At the nursing home, at school, at play, I wasn’t much of a sunbeam.  I tried. When the music played, my voice rang out clear and strong. During prayer time my head remained bowed , and neither of my eyes would look around. I memorized verses and taught the little kids in Sunday School. With other kids in the youth group, I attended Youth for Christ rallies in St. Louis. I raised my hand countless times for this joy, joy, joy thing to take root in my heart.

But (and there’s always a but in  life) faith for me hasn’t been sunny. Over the years the path I’ve walked has been some sun and partly cloudy. Overcast days followed by serious thunderstorms. Maybe it’s the way I viewed them — glass half-empty kind of thing.  My dear friend Lauralee has never met a day that wasn’t filled with something good. She sees her glass filled to overflowing in even the darkest circumstance.

Varying levels of serotonin in my brain have created mood swings. That’s a fact. Or it could be I was born with my stars out of alignment. Whatever the cause, I’ve had as many weepy, tear-filled days as I have joy-filled ones. I have grown comfortable with angst.

In the past my gray-sky outlook has left me with a sense of being less than. Not a good Christian. Letting down the Lord. Failing the family. Not giving God God’s due.

So guilt on top of my Eeyore-like world view has done a number on me.

Until this past year.

Moving to South America, a new continent, far removed from family and the land that formed me, I’m discovering a new freedom.  Here we experience rain almost everyday and the clouds hang very low. Some mornings, so low I feel I can almost touch them. But in this high place in the Andes, sunshine manages to burst through at least once a day. And those rays are brilliant, warm, energizing and potent. I feel my cells waking up. I feel my spirit come to life.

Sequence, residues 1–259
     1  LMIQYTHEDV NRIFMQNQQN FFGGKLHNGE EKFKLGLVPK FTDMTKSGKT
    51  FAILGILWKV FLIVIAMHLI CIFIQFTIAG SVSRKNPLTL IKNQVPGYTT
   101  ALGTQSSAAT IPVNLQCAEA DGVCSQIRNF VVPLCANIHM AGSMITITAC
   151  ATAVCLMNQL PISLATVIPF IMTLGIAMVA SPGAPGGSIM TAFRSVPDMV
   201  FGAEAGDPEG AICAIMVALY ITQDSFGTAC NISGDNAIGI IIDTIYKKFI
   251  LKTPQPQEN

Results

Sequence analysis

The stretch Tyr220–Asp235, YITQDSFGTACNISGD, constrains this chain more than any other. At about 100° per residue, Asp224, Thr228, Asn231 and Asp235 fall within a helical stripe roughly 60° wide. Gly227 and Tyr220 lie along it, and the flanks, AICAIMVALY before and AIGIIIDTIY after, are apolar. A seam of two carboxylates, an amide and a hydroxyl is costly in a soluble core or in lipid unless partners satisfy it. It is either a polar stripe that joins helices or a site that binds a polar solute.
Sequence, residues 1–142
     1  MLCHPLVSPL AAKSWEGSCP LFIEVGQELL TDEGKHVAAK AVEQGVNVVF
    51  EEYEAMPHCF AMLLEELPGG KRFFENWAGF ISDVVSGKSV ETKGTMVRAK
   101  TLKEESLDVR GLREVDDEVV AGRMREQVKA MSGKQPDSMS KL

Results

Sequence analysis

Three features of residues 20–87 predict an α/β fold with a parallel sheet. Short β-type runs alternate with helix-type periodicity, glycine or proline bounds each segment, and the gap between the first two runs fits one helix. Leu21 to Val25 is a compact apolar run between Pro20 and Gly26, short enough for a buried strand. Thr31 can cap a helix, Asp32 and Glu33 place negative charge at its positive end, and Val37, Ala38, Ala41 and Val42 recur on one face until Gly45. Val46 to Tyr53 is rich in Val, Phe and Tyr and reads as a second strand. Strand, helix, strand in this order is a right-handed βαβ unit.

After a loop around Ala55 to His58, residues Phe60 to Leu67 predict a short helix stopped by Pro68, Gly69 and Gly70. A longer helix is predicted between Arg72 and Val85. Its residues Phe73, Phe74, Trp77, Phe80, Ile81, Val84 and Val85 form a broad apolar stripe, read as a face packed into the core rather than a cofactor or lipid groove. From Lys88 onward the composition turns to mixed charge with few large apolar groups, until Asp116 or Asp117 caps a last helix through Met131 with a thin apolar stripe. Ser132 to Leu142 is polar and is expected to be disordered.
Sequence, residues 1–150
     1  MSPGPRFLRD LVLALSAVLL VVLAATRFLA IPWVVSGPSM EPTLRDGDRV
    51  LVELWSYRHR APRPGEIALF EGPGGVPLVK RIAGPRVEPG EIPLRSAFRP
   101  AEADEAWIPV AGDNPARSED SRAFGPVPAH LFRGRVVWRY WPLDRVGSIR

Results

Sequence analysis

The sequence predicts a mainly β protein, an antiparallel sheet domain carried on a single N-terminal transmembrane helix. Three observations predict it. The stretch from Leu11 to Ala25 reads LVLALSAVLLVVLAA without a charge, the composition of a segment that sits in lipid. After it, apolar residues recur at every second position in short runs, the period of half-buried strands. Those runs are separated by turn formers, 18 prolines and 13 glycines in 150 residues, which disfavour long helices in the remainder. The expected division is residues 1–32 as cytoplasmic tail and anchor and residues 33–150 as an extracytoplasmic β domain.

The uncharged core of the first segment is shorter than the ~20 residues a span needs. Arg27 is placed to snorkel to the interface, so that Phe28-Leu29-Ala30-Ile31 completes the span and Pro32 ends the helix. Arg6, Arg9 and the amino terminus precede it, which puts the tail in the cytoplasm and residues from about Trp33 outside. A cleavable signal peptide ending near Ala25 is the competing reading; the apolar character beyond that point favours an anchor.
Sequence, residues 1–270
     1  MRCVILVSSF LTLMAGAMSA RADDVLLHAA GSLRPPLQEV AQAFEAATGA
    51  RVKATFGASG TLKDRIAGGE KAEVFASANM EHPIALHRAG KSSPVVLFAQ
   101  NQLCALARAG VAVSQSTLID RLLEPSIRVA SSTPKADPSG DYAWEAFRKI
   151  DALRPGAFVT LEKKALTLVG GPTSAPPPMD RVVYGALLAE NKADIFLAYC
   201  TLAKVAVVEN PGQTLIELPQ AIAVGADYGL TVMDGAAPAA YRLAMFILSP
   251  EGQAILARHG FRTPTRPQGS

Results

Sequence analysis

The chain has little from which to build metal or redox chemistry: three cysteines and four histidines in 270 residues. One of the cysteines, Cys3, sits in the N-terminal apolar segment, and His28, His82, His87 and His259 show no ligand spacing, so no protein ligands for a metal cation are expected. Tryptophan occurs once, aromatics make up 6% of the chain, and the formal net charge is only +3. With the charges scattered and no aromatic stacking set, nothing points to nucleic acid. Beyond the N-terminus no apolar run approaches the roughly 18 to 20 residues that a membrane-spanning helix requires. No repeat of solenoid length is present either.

No longer do I feel I ought to be a sunbeam, much less a sunbeam for anyone.

But I have grown to celebrate and love the sun.

3 thoughts on “I Tried to be a Sunbeam for Jesus

  1. That hymn brought back memories of Sunday School in the village hall, a corrugated iron shed with an out of tune piano.

    Unlike you I had an atheist father. We had many debates with me on God’s side of course. Although he died when I was ten I remembered those discussions and continued them with my boyfriend (now husband). I have worked out what I believe and it is that man has created God in various forms all over the world to explain death and creation. If there was some omnipotent being I don’t think it would respond to prayer as it doesn’t seem to care about anything else going on in the world. I know God provides comfort to many people and do not wish to convince people of my way of thinking except when they come to my front door. Then we have a lovely discussion as I have a captive audience. 😀

    Liked by 2 people

    1. it feels good doesn’t it when you come to a place of certainty in what you believe? i feel i’m finally coming to that for myself. a long journey–but eventful and full of fodder for my writing! thanks for sharing a bit of yours. an out of tune piano is rather painful to listen to!!

      Liked by 1 person